Website Highlights DIY Tools For People With Disabilities

Two Olin College professors have launched a website about making DIY (do-it-yourself) tools accessible to help people with disabilities perform daily tasks. Inspired by Cindy, a Massachusetts woman who lost her legs and parts of each of her fingers following a heart attack, Assistant Professor of Design Sara Hendren and Professor of Anthropology Caitrin Lynch started Engineering at Home ( with help from some of their students. 

Cindy developed workarounds for everyday tasks, such as opening a jar, selecting medication from a pill bottle, and eating a sandwich. The solutions included on the site range from adhesive wall hooks to help open jars to a carabiner handle for carrying a purse to a small soft-grip tube that helps Cindy apply make-up. Visitors to the site are encouraged to create and adapt their own workarounds.

“Our culture tends to value high-tech innovation exclusively, leaving aside the deceptively humble objects that make daily life possible for so many people with atypical bodies,” said Hendren.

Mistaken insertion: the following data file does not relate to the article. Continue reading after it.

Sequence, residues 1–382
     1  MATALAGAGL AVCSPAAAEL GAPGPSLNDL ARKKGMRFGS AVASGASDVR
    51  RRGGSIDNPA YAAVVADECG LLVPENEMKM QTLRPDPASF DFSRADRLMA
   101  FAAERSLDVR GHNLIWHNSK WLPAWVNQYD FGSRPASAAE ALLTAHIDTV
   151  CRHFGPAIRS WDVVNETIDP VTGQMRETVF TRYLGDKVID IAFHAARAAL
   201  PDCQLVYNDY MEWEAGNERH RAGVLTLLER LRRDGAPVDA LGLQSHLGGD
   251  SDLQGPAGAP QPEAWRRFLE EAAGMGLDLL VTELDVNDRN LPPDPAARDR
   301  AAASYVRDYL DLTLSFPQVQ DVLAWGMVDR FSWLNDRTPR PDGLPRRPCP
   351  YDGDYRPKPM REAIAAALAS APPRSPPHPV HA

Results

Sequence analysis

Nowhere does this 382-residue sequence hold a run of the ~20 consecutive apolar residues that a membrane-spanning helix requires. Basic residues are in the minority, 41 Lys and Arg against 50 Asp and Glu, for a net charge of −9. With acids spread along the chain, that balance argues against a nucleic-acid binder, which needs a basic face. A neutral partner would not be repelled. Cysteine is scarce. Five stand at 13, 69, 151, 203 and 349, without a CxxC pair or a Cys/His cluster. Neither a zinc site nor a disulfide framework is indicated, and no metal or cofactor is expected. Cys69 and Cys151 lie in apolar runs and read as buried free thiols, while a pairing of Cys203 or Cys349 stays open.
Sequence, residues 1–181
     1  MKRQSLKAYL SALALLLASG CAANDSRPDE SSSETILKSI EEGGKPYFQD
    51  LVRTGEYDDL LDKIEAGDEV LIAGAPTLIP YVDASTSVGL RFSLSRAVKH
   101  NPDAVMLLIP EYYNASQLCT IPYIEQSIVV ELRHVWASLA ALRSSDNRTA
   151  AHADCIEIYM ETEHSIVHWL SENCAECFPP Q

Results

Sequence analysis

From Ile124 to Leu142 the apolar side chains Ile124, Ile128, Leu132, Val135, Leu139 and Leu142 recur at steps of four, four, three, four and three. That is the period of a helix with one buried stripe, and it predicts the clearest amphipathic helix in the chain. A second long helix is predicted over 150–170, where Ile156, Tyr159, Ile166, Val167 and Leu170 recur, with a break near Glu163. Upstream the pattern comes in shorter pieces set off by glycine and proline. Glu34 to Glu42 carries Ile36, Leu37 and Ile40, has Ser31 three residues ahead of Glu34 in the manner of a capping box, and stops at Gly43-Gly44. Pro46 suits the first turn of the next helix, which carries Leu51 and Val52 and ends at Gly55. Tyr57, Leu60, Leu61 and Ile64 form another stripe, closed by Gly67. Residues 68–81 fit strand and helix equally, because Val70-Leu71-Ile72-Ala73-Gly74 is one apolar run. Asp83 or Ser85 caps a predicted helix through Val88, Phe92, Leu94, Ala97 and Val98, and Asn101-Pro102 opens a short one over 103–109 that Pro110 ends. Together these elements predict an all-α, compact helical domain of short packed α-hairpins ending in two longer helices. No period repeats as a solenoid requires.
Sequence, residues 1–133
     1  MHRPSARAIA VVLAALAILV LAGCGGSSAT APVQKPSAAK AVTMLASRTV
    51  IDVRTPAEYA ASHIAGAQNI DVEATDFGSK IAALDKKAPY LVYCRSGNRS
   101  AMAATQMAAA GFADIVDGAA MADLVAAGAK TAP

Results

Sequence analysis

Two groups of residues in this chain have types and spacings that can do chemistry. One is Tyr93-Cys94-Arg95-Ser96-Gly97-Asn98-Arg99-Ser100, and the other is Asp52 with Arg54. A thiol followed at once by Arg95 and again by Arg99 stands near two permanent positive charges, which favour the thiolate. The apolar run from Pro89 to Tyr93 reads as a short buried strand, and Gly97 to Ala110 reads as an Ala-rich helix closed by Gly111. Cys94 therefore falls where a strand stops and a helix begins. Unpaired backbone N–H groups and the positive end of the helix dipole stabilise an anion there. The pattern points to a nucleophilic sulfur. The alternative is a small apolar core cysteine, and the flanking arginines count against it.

Hendren and Lynch are not alone in pushing for adaptive technology to shift its focus from high-tech to low-tech. Engineering at Home drew inspiration from several other adaptive technology projects, including Zebreda Makes It Work (, Maker Nurse (, Farm Hack (, and the Adaptive Design Association ( 

As Hendren and Lynch wrote on their website’s manifesto: “Some of Cindy’s skill lies not in creating new technologies, but in seeing things differently…. The technologies that are most useful to Cindy are flexible, multifaceted objects like tongs and sponges, elegant in their simplicity and universality….”

This article was adapted from information provided by Franklin W. Olin College of Engineering.

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